The Senate has handed President Bush probably the last foreign policy victory of his presidency, easily approving, 86-13, a measure to end a 34-year ban on nuclear trade with India. The House had earlier approved it, 298-117.
As easy a sell as it was here, the agreement almost brought down the government of India because its prickly nationalist and communist parties insisted that its requirement that India's civilian nuclear program be open to international monitoring impinged on national sovereignty.Read More
George W. Bush's public humiliation at the hands of his own party showcases the lack of clout left for America's most unpopular President in history as he heads into the waning days of his failed Presidency.
With the White House scrambling to salvage its controversial, $750 billion bailout plan before the nation plunges headlong into a depression, the President finds himself a pariah within his own party.
Meanwhile, his public popularity, already at an all-time low, continues to slide.
It is beyond irritating to watch President Bush, Treasury Secretary Henry Paulson, and Federal Reserve Chairman Ben Bernanke gift wrap their $700 billion early Christmas present for financially irresponsible bankers and the overleveraged borrowers who love them. These "three wise men" consider theirs the only method to stop the turmoil roiling trading desks from Gotham to Tokyo.Read More
It was a true September Surprise. A calamitous financial crisis that not only toppled Wall Street's corporate icons and sent global markets plummeting but may have given Barack Obama's seemingly mired campaign the one thing he may never have secured on his own: Victory.Read More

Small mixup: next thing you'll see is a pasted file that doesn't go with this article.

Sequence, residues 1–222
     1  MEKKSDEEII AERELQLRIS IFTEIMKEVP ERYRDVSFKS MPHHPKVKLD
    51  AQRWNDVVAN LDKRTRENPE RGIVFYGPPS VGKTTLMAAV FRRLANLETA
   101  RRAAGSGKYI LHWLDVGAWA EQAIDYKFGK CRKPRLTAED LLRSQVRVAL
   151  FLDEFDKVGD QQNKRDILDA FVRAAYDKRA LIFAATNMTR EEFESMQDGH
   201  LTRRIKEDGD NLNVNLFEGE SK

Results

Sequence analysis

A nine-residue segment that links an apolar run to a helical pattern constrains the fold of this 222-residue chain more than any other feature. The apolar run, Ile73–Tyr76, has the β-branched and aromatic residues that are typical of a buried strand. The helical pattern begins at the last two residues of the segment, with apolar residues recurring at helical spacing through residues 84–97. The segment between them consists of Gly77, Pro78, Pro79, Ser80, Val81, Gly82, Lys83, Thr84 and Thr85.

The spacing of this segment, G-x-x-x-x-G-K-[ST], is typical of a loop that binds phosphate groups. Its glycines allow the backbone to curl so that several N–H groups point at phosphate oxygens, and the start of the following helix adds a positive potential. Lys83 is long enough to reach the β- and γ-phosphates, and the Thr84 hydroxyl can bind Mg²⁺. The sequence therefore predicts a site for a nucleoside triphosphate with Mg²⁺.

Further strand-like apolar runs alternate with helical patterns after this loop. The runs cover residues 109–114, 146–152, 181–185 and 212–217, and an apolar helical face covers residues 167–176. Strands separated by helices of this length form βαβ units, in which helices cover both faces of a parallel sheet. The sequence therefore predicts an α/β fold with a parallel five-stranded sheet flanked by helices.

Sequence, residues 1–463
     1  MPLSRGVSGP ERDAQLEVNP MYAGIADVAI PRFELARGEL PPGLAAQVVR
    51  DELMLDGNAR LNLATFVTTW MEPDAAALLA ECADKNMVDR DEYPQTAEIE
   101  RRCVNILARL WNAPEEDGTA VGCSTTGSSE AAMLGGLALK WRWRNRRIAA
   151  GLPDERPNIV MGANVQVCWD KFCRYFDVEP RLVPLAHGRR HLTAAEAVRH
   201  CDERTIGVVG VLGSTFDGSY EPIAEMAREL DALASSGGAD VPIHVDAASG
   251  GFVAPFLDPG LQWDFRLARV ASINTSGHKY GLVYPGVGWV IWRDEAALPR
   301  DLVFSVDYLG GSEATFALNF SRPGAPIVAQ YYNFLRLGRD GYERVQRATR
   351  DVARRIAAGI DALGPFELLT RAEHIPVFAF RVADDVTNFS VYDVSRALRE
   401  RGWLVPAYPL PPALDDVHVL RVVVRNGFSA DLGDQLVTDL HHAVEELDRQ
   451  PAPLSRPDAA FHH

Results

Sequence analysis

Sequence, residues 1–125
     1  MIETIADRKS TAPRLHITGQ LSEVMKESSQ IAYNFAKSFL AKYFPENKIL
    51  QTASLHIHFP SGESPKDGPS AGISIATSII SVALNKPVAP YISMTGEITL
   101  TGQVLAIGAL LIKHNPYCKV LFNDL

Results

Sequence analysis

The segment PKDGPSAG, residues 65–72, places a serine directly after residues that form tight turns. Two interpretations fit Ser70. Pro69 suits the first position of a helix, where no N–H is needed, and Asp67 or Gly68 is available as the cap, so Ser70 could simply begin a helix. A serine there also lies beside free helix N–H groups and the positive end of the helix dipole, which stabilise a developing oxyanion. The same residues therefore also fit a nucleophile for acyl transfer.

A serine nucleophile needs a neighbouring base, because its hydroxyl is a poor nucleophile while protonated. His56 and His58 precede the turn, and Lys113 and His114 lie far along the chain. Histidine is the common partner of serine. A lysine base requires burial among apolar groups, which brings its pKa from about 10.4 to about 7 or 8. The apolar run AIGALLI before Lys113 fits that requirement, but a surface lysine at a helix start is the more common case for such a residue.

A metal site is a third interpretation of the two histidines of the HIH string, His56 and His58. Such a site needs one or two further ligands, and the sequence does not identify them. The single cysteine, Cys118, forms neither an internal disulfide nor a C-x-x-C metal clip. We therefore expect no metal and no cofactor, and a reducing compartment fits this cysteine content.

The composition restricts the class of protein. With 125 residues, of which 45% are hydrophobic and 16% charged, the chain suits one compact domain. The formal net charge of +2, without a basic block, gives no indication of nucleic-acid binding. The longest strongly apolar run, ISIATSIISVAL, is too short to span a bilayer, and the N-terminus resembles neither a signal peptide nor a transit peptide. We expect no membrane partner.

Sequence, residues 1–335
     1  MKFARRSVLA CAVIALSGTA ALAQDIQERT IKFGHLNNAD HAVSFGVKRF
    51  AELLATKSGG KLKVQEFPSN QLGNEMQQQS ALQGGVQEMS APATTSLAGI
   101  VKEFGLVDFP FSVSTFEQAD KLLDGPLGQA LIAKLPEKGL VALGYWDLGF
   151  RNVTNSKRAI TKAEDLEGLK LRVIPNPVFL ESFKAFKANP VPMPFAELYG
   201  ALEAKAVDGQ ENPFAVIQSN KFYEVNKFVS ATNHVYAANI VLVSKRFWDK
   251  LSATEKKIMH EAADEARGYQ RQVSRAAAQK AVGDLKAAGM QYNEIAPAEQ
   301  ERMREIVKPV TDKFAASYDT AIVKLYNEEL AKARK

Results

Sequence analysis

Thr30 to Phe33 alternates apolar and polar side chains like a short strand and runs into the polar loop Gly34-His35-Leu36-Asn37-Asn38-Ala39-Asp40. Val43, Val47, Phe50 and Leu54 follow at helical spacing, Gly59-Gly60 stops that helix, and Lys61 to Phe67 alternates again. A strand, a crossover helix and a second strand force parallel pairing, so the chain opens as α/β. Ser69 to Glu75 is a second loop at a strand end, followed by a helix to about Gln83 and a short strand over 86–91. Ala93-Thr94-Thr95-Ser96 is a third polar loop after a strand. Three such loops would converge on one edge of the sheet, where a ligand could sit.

Americans strongly oppose giving the president more power at the expense of Congress or the courts, even to enhance national security or the economy, according to a new poll.
The Associated Press-National Constitution Center poll of views on the Constitution found people wary of governmental authority after years of controversy over the Bush administration's expansion of executive power, and especially skeptical of increasing the president's powers.
President Bush has secretly approved U.S. military raids inside anti-terror ally Pakistan, according to current and former U.S. officials.
President Bush might have been temped to announce a dramatic drawdown of U.S. troops as a way of declaring victory in Iraq as he is on his way out of office. Whatever happened next would be his successor's headache.Read More
President Bush plans to pull 8,000 more combat and support troops out of Iraq by February, a measured drawdown that will leave nearly the same level of U.S. forces in the war zone for the rest of the year.
Bush's decision, to be delivered in a speech Tuesday, is perhaps his final stamp on the war that has defined his presidency. The scope and pace of the U.S. troop withdrawals are smaller than long anticipated, reflecting a desire by the military and the president not to jeopardize security gains in Iraq.
By the time the troops return home on the timeline Bush is proposing, someone else will be making the wartime decisions from the Oval Office.
The White House is missing as many as 225 days of e-mail dating back to 2003 and there is little if any likelihood a recovery effort will be completed by the time the Bush administration leaves office, according to an internal White House draft document obtained by The Associated Press.
The nine-page outline of the White House's e-mail problems invites companies to bid on a project to recover the missing electronic messages.
President Bush is defending his line-in-the-sand approach to the fight against Islamic terrorism, following presidential rivals John McCain and Barack Obama in a speech to a major veterans group.
His address Wednesday in Orlando, Fla., was to highlight themes GOP hopeful McCain has been using to argue that he is better qualified to be commander in chief than Obama, the Democratic nominee-in-waiting.